Houston design build firm breaks down why value engineering is a smart move

Design is as much a science as it is an art. Photo courtesy of CIVE

The method of value engineering, where less expensive materials and methods are used without sacrificing functionality, certainly has its benefits.

While you must weigh the pros and cons of using it in each unique situation, the experts at CIVE are ready to lay out the overall argument for value engineering. The Houston-based, engineering-driven design build firm serves residential, commercial, and industrial markets, and relies on a commitment to excellence in all projects.

Its mantra — "Any engineer can create a design, but true expertise lies in creating designs that would incur the least cost possible, without compromising integrity of the structure" — reinforces that design is as much a science as it is an art.

Why should value engineering be used?
Value engineering allows commercial developers the capability to obtain more value for their design, contracting, and build-outs. This process not only helps provide advantages for the initial construction, but also add value on a longer term basis.

The initial costs of building a structure only accounts for 11 percent of the overall building costs of its life cycle. While that number may seem small, if this capital allocation is done incorrectly it can significantly impact the lifespan and ongoing maintenance costs that building owners can experience.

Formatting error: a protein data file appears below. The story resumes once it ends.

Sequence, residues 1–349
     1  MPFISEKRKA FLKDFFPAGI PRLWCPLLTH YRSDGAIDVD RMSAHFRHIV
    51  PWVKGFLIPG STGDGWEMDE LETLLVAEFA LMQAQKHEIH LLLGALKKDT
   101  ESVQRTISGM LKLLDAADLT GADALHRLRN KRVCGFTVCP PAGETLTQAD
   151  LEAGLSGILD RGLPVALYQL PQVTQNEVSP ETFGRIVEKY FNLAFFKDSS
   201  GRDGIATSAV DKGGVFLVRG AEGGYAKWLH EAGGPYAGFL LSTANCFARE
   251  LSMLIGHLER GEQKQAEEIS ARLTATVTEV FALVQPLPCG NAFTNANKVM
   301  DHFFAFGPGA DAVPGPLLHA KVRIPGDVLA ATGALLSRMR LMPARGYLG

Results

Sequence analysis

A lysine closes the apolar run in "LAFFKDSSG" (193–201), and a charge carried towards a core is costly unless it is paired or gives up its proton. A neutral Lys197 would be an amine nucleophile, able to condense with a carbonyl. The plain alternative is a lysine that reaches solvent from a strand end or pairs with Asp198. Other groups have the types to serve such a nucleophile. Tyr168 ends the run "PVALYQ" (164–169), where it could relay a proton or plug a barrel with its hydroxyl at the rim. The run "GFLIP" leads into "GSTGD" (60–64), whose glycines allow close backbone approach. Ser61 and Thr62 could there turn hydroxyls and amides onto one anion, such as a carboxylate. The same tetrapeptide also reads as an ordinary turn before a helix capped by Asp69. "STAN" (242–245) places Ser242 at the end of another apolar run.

Value engineering provides great advantages to building owners and ultimately their tenants with a better quality structure. But let's be clear: The objective of value engineering is not to cut costs or to lower standards, but to provide innovative approaches and help identify ways to improve dependability, functionality, and performance.

When should it be used?
The process of value engineering can be applied in areas where a construction team typically experiences delays or excessive costs to help identify and alleviate the problem. The end result is a more efficient process that can reduce waste, rework, and design modifications that can significantly increase a project budget and/or cause schedule delays.

A few of the benefits
The benefits of value engineering are numerous, but in summary they can assist construction projects by:

  • Reducing expenses
  • Minimizing waste
  • Refining the project scope
  • Increasing stakeholder consensus
  • Maintaining budget allocations

Overall, this adds more value to the building owner with more savings over the lifetime of a structure with enhanced functionality. A company well versed in the practice of value engineering can use it to finish a project on time and on budget for their clients.

Implementing value engineering
Here's some good news: value engineering can be done at any part of the commercial construction process. While it would ideally be incorporated into the initial stages, it can be easily adapted to improve a project stage at any point. The design phase allows the architect or engineer to work with the client to come up with required features, functionality, and proposed solutions.

During the planning stage the general contractor and commercial developer come to an agreement on the expected project cost. The third stage of development is the construction phase, when the building takes place and any proposed changes can be included that don't affect the primary function and design of the structure.

Why it works
Unlike most, CIVE identifies value engineering as not merely a tool to cut corners, but a way to truly and effectively deliver engineering excellence by designing to the last inch — without over-designing or jeopardizing integrity of the structure — that can put redundant budget pressures on projects.